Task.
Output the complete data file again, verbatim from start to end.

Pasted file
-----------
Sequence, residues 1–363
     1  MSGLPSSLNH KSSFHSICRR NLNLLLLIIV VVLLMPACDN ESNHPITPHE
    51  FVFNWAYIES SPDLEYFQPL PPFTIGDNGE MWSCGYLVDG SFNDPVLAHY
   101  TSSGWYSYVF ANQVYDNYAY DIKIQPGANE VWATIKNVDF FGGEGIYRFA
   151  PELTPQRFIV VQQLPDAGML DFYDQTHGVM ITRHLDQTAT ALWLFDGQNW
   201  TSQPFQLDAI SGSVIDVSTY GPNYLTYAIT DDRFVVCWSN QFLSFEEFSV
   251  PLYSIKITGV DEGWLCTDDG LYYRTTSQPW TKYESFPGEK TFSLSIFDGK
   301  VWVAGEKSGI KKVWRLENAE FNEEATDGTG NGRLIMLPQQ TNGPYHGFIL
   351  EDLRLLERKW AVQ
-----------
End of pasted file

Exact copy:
Sequence, residues 1–363
     1  MSGLPSSLNH KSSFHSICRR NLNLLLLIIV VVLLMPACDN ESNHPITPHE
    51  FVFNWAYIES SPDLEYFQPL PPFTIGDNGE MWSCGYLVDG SFNDPVLAHY
   101  TSSGWYSYVF ANQVYDNYAY DIKIQPGANE VWATIKNVDF FGGEGIYRFA
   151  PELTPQRFIV VQQLPDAGML DFYDQTHGVM ITRHLDQTAT ALWLFDGQNW
   201  TSQPFQLDAI SGSVIDVSTY GPNYLTYAIT DDRFVVCWSN QFLSFEEFSV
   251  PLYSIKITGV DEGWLCTDDG LYYRTTSQPW TKYESFPGEK TFSLSIFDGK
   301  VWVAGEKSGI KKVWRLENAE FNEEATDGTG NGRLIMLPQQ TNGPYHGFIL
   351  EDLRLLERKW AVQ